FOLK FESTIVAL - The Falcon Ridge Folk Festival will be held August 2-4, in the Berkshires, NY.
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WAR RESISTERS - The War Resisters League will hold its 90th anniversary conference, Revolutionary Nonviolence: Building Bridges Across Generations and Communities, August 1-4, at Georgetown University. The event will focus on the U.S.’ long history of antimilitarism.
Contact: 339 Lafayette Street, New York, NY 10012; 212-228-0450; firstname.lastname@example.org; http://www.warresisters.org.
POPULAR ECONOMICS - The Center for Popular Economics is holding its 2013 Summer Institute August 4-9 at Hampshire College in Amherst, MA. No background in economics is needed for this intensive training. This year’s theme is, The Care Economy: Building a Just Economy with a Heart.
Contact: Center for Popular Economics, PO Box 785 Amherst, MA 01004; 413-545-0743; email@example.com; www.populareconomics.org.
VETERANS - Veterans for Peace is holding the 28th annual convention August 6-11 in Madison, WI. This year’s theme is, Power To The Peaceful.
DEMOCRACY - The Democracy Convention will take place August 7-11 in Madison, WI. The convention brings together nine conferences including topics such as media, education, defense, race, environment and others.
MEN - The 38th National Conference on Men & Masculinity: Forging Justice: Creating Safe, Equal and Accountable Communities, presented in partnership with HAVEN, will be held in Detroit, MI, August 8-10.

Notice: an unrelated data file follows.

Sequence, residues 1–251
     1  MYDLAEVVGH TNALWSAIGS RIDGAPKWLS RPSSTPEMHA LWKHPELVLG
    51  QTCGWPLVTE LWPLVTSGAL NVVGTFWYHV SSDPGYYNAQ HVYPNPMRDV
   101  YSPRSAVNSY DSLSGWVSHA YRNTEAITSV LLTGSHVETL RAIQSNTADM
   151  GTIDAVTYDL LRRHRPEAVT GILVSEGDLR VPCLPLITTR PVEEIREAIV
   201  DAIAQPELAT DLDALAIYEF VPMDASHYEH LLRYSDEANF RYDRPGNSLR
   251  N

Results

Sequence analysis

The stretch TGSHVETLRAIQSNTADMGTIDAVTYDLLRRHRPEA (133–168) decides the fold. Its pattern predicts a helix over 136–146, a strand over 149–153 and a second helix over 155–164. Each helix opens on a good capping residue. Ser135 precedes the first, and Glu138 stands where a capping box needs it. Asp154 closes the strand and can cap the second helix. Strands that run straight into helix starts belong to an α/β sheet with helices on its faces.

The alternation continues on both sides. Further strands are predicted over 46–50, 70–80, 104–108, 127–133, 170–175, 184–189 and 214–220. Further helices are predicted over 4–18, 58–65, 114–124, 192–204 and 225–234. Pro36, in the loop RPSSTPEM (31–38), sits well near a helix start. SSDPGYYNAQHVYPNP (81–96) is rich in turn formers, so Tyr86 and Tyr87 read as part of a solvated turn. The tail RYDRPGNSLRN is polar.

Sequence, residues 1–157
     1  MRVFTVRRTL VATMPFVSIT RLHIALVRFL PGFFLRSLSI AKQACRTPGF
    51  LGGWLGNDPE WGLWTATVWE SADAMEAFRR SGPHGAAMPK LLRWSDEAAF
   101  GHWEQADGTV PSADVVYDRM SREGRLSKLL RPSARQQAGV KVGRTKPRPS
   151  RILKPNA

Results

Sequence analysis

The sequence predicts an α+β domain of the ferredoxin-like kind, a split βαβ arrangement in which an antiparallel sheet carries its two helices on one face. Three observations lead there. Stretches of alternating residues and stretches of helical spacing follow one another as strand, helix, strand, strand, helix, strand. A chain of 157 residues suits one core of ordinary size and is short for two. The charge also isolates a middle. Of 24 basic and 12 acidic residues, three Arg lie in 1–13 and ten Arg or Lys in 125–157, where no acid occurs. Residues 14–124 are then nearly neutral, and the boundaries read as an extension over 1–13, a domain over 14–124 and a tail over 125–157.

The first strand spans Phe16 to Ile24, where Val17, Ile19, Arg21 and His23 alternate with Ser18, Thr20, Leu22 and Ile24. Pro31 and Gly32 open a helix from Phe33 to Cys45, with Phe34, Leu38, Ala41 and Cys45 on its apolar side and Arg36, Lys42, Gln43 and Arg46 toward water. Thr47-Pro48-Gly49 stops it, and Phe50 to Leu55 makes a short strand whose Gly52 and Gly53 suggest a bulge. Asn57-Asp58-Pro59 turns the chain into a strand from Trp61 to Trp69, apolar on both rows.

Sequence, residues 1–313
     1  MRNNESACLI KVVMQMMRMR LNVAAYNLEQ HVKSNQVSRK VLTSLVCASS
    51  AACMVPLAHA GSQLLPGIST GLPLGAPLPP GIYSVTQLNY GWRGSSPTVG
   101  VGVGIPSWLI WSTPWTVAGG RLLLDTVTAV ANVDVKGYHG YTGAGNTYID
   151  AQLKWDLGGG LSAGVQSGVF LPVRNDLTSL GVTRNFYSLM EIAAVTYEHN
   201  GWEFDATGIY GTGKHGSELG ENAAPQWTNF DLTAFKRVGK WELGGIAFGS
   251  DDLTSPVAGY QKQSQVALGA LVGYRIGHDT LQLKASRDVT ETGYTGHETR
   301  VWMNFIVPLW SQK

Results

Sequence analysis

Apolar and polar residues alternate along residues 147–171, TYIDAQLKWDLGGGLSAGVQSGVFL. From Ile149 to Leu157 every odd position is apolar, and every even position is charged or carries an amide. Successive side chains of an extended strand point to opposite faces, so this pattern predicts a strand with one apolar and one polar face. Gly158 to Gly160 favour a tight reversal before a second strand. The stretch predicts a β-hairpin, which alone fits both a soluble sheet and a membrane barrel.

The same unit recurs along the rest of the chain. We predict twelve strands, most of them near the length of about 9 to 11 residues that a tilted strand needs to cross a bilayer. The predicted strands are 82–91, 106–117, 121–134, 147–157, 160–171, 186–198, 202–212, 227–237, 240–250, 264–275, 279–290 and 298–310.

Contact: firstname.lastname@example.org; http://www.nomas.org/.
OCCUPY - An Occupy National Gathering will be held in Kalamazoo, MI, August 21-25.
Contact: email@example.com; http://occupynationalgathering.net/.
COMMUNITIES - The Communities Conference is a networking and learning opportunity for co-operative or communal lifestyles, with workshops, events and entertainment; scheduled for August 30-September 2 at the Twin Oaks Community in Louisa, Virginia.
LABOR DAY - The 29th annual Bread and Roses Festival, a celebration of the ethnic diversity and labor history of Lawrence, MA, will be held September 2, in honor of the 1912 Bread and Roses Strike. There will be music, dance, poetry, drama, ethnic food, historical demonstrations, walking & trolley tours.
Contact: PO Box 1137, Lawrence, MA 01842; 978-794-1655; http://www.breadandrosesheritage.org/.
OCCUPY WALL STREET - September 17 is the two-year anniversary of the Occupy Wall Street movement. Events are planned in New York City and worldwide.
TEACHERS - The 13th Annual Conference, “Teaching for Social Justice: The Politics of Pedagogy,” will be held October 12 in San Francisco, CA. The free event features workshops, resources, and free childcare.
Contact: 415-676-7844; firstname.lastname@example.org; http://www.t4sj.org/.
HAITI - International Action, which brings clean water and chlorinators to Haiti, seeks office space capable of housing up to six people and their office equipment.
Contact: Zach Bremer, Zbrehmer@haitiwater.org; 202-488-0735; http://www.haitiwater.org/.
MEDIA - The Union for Democratic Communications and Project Censored are sponsoring a joint conference on media democracy, media activism and social justice to be held November 1-3 at the University of San Francisco. Proposals for presentations, workshops and panels from activists and critical scholars are invited.